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Australia brings in contentious carbon tax

July 1, 2012

Australia on Sunday introduced a controversial carbon tax in a bid to tackle climate change, with Prime Minister Julia Gillard hailing the move amid opposition warnings it will stifle industry.

The tax on corporate pollution, which led to demonstrations across the vast nation, will force about 350 major polluters to pay Aus$23 (US$23.5) for every tonne of carbon they produce.

It comes into effect on the same day as an equally contentious levy on mining profits, the hard-fought Mineral Resource Rent Tax on iron ore and coal which helped topple former prime minister Kevin Rudd.

But Gillard hailed the introduction of the carbon tax in Australia, one of the world’s worst per capita polluters.

“Our nation’s been involved in a debate now for many long years about putting a price on carbon and tackling climate change, and we have got this done,” Gillard told the Australian Broadcasting Corporation.

“Yes, with a fixed price, a carbon tax if you like for the first three years, and then with an emissions trading scheme to follow.”

The government hopes the scheme will mean that by 2020, Australia’s carbon pollution will be at least 159 million tonnes less per year than it would be otherwise — the equivalent, it says, of taking 45 million cars off the road.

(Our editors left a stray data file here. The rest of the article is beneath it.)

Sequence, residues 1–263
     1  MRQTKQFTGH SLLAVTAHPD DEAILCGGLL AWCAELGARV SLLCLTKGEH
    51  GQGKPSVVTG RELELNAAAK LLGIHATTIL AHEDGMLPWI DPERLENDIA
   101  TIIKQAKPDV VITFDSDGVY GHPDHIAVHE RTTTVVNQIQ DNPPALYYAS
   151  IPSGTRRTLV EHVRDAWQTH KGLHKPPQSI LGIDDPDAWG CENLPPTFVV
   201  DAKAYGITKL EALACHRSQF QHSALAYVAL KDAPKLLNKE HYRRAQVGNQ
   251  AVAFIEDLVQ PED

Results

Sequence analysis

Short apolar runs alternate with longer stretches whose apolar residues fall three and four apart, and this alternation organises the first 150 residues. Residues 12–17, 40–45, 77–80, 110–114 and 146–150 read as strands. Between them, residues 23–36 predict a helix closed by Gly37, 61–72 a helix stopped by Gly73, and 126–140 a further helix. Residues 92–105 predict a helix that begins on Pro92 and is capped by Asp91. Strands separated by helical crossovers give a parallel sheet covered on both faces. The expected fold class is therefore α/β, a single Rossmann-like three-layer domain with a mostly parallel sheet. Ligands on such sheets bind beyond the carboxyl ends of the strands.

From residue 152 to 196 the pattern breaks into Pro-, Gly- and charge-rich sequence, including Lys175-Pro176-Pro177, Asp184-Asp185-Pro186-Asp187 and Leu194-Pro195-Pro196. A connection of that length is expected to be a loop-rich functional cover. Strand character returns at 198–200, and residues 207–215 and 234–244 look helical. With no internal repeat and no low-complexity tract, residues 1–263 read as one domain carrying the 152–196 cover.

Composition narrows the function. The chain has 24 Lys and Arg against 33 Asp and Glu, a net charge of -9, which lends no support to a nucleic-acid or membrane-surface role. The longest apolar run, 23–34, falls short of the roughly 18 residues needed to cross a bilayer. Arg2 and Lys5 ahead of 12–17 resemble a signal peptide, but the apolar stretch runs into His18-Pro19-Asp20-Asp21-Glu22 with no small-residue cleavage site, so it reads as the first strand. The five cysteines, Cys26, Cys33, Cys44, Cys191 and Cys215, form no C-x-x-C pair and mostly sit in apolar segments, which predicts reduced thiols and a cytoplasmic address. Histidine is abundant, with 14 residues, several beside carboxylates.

The plan is for it to transition to a market-based emissions trading scheme after three years.

But the tax has been bitterly opposed by the conservative opposition, which argues it will see the cost of living soar and hurt industry, and have vowed to repeal it if they win office in the 2013 elections.

“(The carbon tax) is the slow boa constrictor sapping life out of one business after another,” opposition lawmaker Warren Truss, leader of the Nationals, told the ABC.

Gillard said future governments would have difficulty scrapping the tax, which is helping to fund other benefits for families.

“As a Labor government, we haven’t done all of this for no reason, we’ve done it because we believe it’s pivotal to Australia’s future,” she told the ABC programme Insiders.

“Today is a Sunday where Australians will go about their ordinary lives, but today is day too when we seize the future, we seize a clean energy future.”



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